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European Union, China and Free Trade Agreements in the Asia Pacific

Final Report Summary - ASIA PACIFIC FTA (European Union, China and Free Trade Agreements in the Asia Pacific)

Topic

Free Trade Agreements in the Asia Pacific Region: Reasons, Perceptions and Strategies

Objectives

• Provide overview of FTA developments in the Asia Pacific.
• Focus on how the strategies of the key economy in the region, China; the world’s largest single market and a key promoter of liberalization, the EU; and a small regional economy, New Zealand, have been influenced by developments in the area and how their chosen strategies have affected each other (especially in the cases of the EU and China) and the general FTA environment.

Methodology

• Survey undertaken to map FTA developments in the Asia Pacific region through the compilation of a database of completed and ongoing FTAs.
• In-depth qualitative comparative case study analysis of the strategies of the EU, China and New Zealand in this scenario.


Research Performed

• Review of literature on FTAs, EU trade policy, New Zealand trade policy, and Chinese trade policy.
• Collation of data from various government websites, WTO, trade websites, news sites to create static database of completed, under negotiation and projected FTAs in Asia Pacific region.
• Fieldwork conducted in Beijing, Canberra, Australia, and Wellington and Auckland in New Zealand, and Brussels consisting of elite interviews with European Commission officials, European External Action Service officials, European Parliamentarians, Trade Ministry officials, foreign commercial representatives, major exporters, business councils, and various experts, for the case studies.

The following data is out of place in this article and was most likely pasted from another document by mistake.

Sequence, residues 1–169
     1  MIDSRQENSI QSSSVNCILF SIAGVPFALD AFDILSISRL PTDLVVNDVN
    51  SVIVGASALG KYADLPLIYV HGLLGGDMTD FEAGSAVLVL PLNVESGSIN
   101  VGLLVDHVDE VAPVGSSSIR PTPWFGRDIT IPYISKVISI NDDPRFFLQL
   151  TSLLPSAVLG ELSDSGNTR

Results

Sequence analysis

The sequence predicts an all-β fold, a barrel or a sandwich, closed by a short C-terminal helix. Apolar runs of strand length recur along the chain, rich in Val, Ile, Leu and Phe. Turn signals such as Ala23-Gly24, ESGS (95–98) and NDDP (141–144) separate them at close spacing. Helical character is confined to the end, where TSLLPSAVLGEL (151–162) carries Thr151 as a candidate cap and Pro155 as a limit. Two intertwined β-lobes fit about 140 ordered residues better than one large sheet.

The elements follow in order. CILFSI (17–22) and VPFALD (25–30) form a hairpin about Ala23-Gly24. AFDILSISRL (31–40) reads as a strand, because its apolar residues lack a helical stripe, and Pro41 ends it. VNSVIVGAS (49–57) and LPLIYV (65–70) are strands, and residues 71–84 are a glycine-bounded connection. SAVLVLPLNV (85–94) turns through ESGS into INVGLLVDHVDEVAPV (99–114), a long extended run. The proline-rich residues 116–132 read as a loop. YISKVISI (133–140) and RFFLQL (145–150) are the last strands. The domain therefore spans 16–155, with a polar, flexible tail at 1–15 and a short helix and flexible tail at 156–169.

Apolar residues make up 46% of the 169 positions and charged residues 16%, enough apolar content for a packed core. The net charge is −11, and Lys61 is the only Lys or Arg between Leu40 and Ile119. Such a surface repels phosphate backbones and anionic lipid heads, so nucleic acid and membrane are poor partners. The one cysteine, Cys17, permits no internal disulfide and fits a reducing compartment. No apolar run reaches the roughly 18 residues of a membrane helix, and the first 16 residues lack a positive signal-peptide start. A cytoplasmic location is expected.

Findings

Elite discourses in all states show ingrained support for free trade agenda, and anxiety over missing out from economic and political ‘action’ if they remain on the side-lines of FTA proliferation.

Larger actors’ strategies show more evidence of balancing against competitors, smaller states’ strategies reveal need to be seen as relevant by larger partners.

Larger actors’ have greater influence in shaping negotiation outcomes, but have different approaches and intentions. China is, for now, in its FTAs is more concerned with rewarding political ties, reassuring its neighbours, and ensuring supplies of raw materials. The EU and USA are more preoccupied with extending their preferred models of trade and investment governance, including behind-the-border issues and issues that have been blocked at the WTO (competition policy, intellectual property provisions, government procurement, services liberalization). The EU’s strategy in choosing FTA partners is largely predicated on USA activities, however the more flexible content of FTAs, alongside a preference for international norms, and norm co-creation, reveals a greater emphasis on creating some form of multilateral governance.

Complex and lengthy negotiations of FTAs between the EU and Asian partners, show increasing resistance to the EU’s (and USA’s) particular understandings of liberalization, which have been favoured by the WTO and other international institutions.